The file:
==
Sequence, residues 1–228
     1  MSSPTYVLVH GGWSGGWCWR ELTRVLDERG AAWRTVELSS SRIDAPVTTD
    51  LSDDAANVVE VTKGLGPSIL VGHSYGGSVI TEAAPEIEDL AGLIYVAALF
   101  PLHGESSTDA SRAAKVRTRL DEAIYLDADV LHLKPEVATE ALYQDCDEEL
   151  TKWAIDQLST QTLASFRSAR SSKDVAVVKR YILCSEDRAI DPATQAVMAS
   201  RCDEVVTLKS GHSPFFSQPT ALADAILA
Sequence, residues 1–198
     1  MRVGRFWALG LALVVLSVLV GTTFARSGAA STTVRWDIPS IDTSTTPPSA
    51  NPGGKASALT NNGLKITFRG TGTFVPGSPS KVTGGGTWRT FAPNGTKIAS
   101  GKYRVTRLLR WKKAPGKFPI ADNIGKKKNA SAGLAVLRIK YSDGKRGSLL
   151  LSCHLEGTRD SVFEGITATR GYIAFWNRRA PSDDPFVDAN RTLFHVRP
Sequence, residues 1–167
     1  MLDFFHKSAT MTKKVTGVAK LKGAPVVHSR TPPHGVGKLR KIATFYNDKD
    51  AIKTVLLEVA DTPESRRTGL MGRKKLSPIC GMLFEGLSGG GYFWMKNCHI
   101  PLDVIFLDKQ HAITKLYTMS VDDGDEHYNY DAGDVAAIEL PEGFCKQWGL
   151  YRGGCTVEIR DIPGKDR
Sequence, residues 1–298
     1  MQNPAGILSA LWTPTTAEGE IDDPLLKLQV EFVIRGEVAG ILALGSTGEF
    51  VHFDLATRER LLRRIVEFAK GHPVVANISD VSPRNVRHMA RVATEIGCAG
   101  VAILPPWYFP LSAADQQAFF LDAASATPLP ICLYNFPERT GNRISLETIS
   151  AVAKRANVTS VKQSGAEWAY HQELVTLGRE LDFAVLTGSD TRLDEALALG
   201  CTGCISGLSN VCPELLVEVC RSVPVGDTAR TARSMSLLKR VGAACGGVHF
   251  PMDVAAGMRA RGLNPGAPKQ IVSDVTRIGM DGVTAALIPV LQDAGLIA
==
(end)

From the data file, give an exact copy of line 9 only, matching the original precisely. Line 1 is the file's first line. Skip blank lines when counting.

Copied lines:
    51  NPGGKASALT NNGLKITFRG TGTFVPGSPS KVTGGGTWRT FAPNGTKIAS